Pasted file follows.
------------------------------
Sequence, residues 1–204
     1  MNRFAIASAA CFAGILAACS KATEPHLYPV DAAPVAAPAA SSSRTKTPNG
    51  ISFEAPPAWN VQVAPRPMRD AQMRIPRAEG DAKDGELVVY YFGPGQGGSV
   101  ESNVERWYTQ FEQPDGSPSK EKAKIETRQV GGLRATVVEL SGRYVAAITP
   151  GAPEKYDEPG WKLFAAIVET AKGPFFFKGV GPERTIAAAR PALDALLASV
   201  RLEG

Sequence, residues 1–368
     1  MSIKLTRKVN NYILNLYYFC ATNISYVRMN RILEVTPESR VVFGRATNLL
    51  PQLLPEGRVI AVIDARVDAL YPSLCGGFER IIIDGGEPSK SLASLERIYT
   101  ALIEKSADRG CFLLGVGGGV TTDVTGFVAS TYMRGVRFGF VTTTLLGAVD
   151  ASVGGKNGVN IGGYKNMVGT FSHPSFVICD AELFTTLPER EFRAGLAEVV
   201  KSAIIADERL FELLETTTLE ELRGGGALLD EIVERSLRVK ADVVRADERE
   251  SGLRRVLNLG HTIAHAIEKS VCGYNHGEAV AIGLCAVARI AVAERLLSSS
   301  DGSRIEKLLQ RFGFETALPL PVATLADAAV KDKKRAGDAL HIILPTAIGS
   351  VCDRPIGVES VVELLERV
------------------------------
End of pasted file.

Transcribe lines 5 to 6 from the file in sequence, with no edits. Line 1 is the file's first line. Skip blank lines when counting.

   151  GAPEKYDEPG WKLFAAIVET AKGPFFFKGV GPERTIAAAR PALDALLASV
   201  RLEG